– Aromatic analysis of the air in the vineyard environment.
– Aromatic analysis of the flora of the vineyard environment (wild herbs, trees, flowers, etc.).
-Analysis of the molecular harmonies of the flora around the vineyard (wild herbs, trees, flowers, etc.) to obtain a list of complementary ingredients sharing the same dominant aromatic molecules as the fauna, in order to create a cuisine that transcribes the meaning of the place.
– Soil aroma analysis (including microbiome and humus) of each season.
-Predictive functional metagenomic analysis of soil and subsoil microbiota (targeted metagenomic & shotgun metagenomic sequencing).
– Aromatic analysis of grape bloom.
– Aromatic analysis of the different parts of the vine (leaves, stems, stalks).
– Aromatic analysis of the must (before fermentation).
– Analysis of wine aromas (after fermentation, before maturation).
– Analysis of aromas at the end of the aging of the wine (before bottling).
– Aromatic analysis of the wine (once in the bottle).
– Aromatic analysis of the wine of three vintages, once a year, for the three years following each of the three vintages.
Publication of results.
Creation and unveiling of a new certification: “Chartier Aromatic Biodiversity World LAB.
phase 3: conclusion
Scientific demonstration of the link between wine aromas and the biodiversity of different vineyards around the world.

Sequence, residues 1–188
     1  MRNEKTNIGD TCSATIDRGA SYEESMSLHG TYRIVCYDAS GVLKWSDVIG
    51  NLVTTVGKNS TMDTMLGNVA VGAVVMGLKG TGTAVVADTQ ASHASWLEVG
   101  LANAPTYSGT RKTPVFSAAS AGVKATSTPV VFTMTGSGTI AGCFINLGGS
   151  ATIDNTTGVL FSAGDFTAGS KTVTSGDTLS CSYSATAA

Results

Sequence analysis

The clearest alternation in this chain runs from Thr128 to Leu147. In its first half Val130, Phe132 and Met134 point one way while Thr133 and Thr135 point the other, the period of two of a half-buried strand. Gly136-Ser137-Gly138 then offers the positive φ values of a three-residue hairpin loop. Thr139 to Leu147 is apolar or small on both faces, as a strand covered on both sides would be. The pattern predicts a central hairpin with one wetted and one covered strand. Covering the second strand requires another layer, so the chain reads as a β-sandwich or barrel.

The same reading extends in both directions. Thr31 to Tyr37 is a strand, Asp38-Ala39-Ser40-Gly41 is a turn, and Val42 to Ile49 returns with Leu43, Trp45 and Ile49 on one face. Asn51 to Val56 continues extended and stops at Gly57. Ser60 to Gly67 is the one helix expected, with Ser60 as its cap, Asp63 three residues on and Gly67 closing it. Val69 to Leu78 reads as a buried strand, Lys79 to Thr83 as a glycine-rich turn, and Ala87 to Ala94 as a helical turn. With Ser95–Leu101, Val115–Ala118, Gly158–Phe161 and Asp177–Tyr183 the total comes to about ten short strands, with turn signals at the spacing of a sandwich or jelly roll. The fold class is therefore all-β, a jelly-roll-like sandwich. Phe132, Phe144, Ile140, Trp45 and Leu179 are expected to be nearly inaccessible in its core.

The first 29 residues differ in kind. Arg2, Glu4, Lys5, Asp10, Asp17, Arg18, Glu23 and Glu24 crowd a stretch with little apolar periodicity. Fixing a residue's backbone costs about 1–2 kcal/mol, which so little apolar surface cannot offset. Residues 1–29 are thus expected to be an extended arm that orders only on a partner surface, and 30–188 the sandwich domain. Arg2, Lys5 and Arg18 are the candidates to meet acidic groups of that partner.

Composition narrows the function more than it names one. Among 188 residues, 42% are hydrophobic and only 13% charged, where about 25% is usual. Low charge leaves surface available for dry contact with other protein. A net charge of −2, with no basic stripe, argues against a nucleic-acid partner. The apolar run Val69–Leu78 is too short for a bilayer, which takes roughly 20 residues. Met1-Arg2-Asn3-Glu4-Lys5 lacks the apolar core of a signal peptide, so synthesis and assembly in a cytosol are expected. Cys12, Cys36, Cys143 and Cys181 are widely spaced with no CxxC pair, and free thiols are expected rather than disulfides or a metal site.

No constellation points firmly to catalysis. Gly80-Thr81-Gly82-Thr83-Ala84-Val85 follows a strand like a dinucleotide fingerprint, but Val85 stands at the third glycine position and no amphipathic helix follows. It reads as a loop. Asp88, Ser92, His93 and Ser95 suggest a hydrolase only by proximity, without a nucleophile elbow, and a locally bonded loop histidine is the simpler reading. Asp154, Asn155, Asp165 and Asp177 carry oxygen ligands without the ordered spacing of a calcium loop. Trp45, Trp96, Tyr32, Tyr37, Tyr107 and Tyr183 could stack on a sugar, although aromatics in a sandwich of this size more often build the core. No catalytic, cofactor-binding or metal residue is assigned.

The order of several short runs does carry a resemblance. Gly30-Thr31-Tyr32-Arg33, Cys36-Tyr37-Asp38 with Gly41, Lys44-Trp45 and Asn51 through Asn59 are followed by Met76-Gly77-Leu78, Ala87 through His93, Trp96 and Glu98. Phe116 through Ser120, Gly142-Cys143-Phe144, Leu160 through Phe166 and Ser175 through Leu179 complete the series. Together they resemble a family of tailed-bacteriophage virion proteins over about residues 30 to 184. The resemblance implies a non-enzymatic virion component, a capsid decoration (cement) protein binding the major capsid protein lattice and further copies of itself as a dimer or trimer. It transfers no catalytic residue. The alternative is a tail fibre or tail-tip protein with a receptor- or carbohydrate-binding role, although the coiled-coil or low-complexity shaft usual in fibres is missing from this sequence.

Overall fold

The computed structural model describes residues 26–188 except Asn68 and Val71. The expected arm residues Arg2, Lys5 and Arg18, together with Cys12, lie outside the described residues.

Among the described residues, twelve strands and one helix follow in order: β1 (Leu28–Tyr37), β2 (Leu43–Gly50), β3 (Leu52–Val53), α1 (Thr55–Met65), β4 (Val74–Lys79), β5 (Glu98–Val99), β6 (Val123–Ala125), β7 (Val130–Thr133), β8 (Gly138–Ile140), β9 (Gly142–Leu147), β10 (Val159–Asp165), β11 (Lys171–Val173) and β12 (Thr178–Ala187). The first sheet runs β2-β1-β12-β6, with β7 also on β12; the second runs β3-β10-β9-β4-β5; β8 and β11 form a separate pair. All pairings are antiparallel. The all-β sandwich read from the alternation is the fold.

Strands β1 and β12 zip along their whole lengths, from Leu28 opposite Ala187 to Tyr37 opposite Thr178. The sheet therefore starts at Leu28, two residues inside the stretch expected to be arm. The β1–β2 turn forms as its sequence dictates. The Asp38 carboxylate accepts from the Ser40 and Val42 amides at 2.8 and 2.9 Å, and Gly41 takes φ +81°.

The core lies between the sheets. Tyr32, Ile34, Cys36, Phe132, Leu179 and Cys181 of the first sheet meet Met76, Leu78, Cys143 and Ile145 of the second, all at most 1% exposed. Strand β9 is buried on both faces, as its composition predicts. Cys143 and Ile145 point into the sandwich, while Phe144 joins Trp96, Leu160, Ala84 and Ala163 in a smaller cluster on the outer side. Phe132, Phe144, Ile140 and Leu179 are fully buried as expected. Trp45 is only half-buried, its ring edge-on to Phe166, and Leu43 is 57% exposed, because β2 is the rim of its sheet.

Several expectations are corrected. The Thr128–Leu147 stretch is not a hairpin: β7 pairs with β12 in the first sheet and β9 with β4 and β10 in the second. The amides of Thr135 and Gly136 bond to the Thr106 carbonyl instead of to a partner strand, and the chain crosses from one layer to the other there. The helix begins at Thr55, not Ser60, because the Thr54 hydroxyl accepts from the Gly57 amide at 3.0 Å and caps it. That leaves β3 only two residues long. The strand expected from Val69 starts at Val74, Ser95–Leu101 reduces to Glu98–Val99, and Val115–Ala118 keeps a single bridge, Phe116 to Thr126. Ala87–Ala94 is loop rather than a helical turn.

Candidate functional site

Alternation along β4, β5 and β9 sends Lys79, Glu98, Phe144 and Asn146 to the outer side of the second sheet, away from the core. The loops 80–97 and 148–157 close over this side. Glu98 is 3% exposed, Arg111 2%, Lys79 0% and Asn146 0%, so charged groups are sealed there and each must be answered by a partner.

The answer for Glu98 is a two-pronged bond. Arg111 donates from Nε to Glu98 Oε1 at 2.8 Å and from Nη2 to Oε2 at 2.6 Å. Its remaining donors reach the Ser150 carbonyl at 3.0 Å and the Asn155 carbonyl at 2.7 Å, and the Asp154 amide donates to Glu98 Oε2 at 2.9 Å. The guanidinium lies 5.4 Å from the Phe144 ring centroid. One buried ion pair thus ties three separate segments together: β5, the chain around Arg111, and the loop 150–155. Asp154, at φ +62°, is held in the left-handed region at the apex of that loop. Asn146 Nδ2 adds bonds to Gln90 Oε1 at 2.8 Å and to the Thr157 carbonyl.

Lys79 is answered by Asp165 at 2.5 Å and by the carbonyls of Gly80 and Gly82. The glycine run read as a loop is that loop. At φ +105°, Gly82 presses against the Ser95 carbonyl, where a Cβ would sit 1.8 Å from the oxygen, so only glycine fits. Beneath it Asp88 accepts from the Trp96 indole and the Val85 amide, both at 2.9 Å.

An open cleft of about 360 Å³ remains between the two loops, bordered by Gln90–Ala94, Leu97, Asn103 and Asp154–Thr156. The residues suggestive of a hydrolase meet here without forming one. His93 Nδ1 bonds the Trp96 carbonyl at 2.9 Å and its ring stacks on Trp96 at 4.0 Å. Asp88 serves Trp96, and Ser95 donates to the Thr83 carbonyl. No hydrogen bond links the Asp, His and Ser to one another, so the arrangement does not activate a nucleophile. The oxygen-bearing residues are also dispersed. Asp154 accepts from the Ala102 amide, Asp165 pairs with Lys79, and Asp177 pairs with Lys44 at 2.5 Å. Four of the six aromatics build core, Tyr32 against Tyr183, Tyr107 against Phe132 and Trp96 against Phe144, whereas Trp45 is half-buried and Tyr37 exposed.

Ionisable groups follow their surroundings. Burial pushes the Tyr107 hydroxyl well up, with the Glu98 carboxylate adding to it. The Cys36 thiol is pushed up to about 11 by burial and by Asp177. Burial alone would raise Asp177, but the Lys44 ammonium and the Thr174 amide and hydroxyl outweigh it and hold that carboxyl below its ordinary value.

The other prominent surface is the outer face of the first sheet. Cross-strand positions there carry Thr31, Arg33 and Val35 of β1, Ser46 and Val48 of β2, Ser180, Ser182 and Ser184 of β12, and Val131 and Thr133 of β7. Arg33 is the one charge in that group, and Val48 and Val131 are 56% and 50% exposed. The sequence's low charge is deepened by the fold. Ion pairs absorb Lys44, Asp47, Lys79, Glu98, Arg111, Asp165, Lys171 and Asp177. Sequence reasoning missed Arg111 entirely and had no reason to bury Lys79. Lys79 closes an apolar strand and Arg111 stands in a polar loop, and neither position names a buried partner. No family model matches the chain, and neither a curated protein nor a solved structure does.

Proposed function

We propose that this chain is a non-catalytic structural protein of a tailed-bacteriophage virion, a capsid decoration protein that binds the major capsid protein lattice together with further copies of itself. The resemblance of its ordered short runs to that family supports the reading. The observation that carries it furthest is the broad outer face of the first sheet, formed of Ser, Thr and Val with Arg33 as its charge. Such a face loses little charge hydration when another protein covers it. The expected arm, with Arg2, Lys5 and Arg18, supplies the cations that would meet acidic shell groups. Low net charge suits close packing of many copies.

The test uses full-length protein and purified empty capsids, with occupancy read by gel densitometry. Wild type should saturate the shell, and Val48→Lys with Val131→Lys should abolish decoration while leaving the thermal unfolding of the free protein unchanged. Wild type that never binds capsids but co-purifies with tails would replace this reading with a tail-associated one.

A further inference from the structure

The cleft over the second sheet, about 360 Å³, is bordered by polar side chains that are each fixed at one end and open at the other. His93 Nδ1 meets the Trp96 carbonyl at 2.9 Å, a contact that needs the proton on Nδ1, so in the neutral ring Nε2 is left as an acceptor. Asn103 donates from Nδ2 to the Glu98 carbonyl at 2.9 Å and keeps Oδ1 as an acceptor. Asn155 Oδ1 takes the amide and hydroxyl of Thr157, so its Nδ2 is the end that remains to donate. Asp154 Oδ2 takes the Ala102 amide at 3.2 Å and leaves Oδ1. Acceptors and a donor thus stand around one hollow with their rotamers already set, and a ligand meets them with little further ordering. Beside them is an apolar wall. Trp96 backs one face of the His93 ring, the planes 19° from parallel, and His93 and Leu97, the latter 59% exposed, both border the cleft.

Publication of results.
phase 4: experimentation
Experimental phase of trials aimed at influencing the aromatic style of wines through targeted biodiversity with the aim, via a better understanding of biodiversity, on the basis of the analysis results of phases 1, 2 and 3, of contributing to the safeguarding (or regeneration) of biodiversity disrupted by chemical inputs, particularly after the war, as well as by current climate change.
Publication of results.
phase 5: molecular harmonies of biodiversity
Once these first four phases have been completed, the idea is to use this molecular analysis data to both prove the impact of botanical biodiversity on the aromatic identity of wines (as described in phase three) and to find other ingredients that share the same dominant molecules as those found both in the plants and other shrubs and flowers of the environment and in the wines made from them. The aim is to build a new vocabulary of aromatic biodiversity in plants and wines, which will pave the way for a new aromatic map of possible food and wine harmonies between complementary biodiversity foods, which in turn will make it possible to create a new “gastronomic biodiversity” of the “sense of place” in the harmony between the plate and the glass.
This work will lead to a second research and publication project, on the missing link of the global concept of gastronomic terroir in the world of cuisine, with the publication of a “Manifesto for the development of an ecological transition of gastronomic biodiversity”. The subsequent publication of this gastronomic manifesto, which will be based on the analysis of molecular harmonies adapted to the study of the aromatic impact of biodiversity on the creation of a local cuisine, will also make it possible to transcribe the landscape of place onto the plate and thus reveal “the missing link in the concept of gastronomic terroir in the world of cuisine”.